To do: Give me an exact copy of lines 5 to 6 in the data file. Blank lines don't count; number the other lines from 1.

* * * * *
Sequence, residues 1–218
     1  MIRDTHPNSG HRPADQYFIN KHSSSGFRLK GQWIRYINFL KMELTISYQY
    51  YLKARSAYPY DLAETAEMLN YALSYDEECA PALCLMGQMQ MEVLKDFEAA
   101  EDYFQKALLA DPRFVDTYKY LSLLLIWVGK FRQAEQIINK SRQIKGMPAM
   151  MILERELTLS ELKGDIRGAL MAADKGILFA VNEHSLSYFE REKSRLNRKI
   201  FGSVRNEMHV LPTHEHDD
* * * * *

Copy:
   151  MILERELTLS ELKGDIRGAL MAADKGILFA VNEHSLSYFE REKSRLNRKI
   201  FGSVRNEMHV LPTHEHDD